wpwrakantoniodariush: are you sure it doesn't come up in USB boot mode ? i.e., are you checking with lsusb ?13:27
antoniodariushwpwrak: yes lsusb13:27
antoniodariushdoes not come up13:27
virichow do you bridge?13:27
antoniodariushit does with other nanonotes i have13:27
viricmaybe the contacts are a bit dirty13:28
viricor rusty13:28
antoniodariushwith that carbon thing13:28
wpwrakor worn out ;-)13:28
viricwhere is the usbboot code, btw? in a little memory in the processor?13:28
antoniodariushthe last command I ran was  usbboot -c "nerase 0 4096 0 0" 13:29
antoniodariushdoes this mean anything?13:29
wpwrakviric: yes, there's some sort of ROM there13:30
paul_boddieI also want to dispute this page, too: http://en.qi-hardware.com/wiki/Updating_Ben_NanoNote_software . Booting from a microSD card is much easier than reflashing, and it's probably easier to reflash from within Linux on the NanoNote than to use usbboot. I also found that reflash_ben.sh didn't work where usbboot did.13:30
wpwrakantoniodariush: i think that nerase means that you wiped out u-boot. but that's okay. you should be able to recover regardless.13:30
paul_boddieYes, that command apparently erases the entire NAND storage.13:31
wpwrakpaul_boddie: (http://en.qi-hardware.com/wiki/USB_BOOT_mode) looks good to me. maybe add that it may take few tries because shorting USB BOOT with such ad hoc means is inherently unreliable.13:32
wpwrakantoniodariush: if you're confident with a soldering iron, i'd suggest to just add a "hard" bridge for USB BOOT, to get rid of that bit of uncertainty13:33
antoniodariushwpwrak: i might consider that13:34
antoniodariushbrb 13:35
wpwrakof course, the deluxe solution would be to make an idbg :) alas, i think there are only 2-4 bens in existence that have this kind of luxury13:35
wpwrak(idbg is a little pcb with a microcontroller inside the ben that connects to serial console, reset, and usb boot. so you can control all these things via another usb connection. rather convenient ;-)13:36
qi-bot[commit] Werner Almesberger: ircstat/ML: update for 7/2012 through 9/2012 (master) http://qi-hw.com/p/wernermisc/8fc01a113:51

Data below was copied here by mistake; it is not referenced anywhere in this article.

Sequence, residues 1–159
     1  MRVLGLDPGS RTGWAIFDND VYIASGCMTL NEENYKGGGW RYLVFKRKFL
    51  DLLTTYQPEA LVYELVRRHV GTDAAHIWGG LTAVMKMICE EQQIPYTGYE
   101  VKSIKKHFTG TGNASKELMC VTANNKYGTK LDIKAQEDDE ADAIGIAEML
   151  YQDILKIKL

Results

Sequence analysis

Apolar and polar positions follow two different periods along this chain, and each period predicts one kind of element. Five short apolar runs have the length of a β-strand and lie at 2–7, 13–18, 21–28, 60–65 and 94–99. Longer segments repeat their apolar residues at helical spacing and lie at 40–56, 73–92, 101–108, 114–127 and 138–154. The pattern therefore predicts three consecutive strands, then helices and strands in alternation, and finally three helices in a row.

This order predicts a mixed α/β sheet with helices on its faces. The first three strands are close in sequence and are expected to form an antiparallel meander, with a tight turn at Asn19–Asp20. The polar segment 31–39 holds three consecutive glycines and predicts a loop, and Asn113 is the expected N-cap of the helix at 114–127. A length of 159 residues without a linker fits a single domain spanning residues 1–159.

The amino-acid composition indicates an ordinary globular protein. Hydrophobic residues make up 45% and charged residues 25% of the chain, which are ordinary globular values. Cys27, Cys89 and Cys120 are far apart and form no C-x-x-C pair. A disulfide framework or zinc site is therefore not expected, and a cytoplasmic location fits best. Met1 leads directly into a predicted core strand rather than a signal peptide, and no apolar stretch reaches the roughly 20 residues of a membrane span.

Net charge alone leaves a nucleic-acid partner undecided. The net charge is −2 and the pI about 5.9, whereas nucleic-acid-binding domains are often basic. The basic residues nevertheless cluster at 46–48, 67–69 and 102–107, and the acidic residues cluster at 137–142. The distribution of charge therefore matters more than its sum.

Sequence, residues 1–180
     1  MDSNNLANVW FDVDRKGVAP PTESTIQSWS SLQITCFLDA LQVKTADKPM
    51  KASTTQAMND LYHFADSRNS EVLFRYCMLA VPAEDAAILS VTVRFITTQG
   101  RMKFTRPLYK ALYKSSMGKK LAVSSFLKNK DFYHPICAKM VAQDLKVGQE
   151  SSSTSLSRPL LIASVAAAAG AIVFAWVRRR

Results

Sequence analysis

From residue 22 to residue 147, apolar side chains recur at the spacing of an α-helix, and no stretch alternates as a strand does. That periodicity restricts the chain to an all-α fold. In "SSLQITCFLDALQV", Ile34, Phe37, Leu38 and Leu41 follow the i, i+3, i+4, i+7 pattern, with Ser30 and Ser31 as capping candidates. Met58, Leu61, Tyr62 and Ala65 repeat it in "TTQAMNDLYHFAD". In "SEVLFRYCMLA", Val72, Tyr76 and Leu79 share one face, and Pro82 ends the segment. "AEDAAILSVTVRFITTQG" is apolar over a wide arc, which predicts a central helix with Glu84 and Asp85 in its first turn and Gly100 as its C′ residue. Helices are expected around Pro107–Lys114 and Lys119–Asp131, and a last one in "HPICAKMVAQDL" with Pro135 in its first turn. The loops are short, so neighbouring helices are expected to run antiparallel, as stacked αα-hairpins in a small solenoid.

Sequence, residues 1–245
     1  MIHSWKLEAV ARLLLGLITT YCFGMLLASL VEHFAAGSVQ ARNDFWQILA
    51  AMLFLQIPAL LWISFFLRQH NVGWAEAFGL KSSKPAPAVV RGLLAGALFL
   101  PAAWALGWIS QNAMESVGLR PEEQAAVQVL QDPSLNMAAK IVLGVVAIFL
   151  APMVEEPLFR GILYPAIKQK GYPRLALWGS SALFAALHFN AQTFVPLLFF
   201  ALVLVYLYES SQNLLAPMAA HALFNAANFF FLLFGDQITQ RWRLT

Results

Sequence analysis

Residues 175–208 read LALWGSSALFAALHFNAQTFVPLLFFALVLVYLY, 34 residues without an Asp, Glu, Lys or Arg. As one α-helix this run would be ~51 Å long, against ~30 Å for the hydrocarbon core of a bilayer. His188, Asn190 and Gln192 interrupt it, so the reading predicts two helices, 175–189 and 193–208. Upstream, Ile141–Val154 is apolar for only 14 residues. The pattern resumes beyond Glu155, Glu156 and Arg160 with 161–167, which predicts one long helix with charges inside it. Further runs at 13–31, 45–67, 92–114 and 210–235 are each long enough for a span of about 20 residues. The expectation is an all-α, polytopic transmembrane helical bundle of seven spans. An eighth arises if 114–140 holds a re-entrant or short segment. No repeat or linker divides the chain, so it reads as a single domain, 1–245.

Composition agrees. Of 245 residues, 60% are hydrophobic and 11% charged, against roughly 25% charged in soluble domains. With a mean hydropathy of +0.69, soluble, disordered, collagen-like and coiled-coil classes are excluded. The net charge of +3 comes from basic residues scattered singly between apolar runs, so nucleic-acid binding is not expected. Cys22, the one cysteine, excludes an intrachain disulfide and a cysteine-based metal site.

paul_boddieHow do you reset the idbg? Is it dongles all the way down? ;-)14:49
wpwrakidbg is powered from USB, so if i want to reset it, i just unplug its micro-USB plug14:50
wpwrakbut in general it is expected to behave ;-)14:50
wpwrakits firmware has two parts: the boot loader (which uses DFU) and the "application". flashing the boot loader needs in-circuit programming, which is a little tricky. but you can bootstrap it with a ben with UBB. the ben is very nice for such tasks.14:53
wpwrak(i just wish it had a better separation between the internal 3.3 V domain and what goes out to the 8:10 card. it's a bit irritating if powering up an external board causes the ben to reset due to excessive inrush current - just because there are a few caps on the external board.)14:54
paul_boddieI'm currently playing with an Arduino (yes, I know!) with USB Host interface in conjunction with the NanoNote.15:03
wpwrakthat's an odd combination :)15:05
paul_boddieWell, I got the USB Host board a while back but never did anything with it, whereas the NanoNote has USB Peripheral mode, so it makes an obvious companion. :-)15:07
wpwrakif the goal is to use the AVR as an i/o extender or to control some peripherals, you could perhaps just bit-bang SPI on the 8:10 card slot and hook up the AVR that way15:07
wpwrakah ;-)15:07
paul_boddieI guess I would otherwise use a "slimmer" AVR-based board for such experiments, but it's all about the prototyping.15:08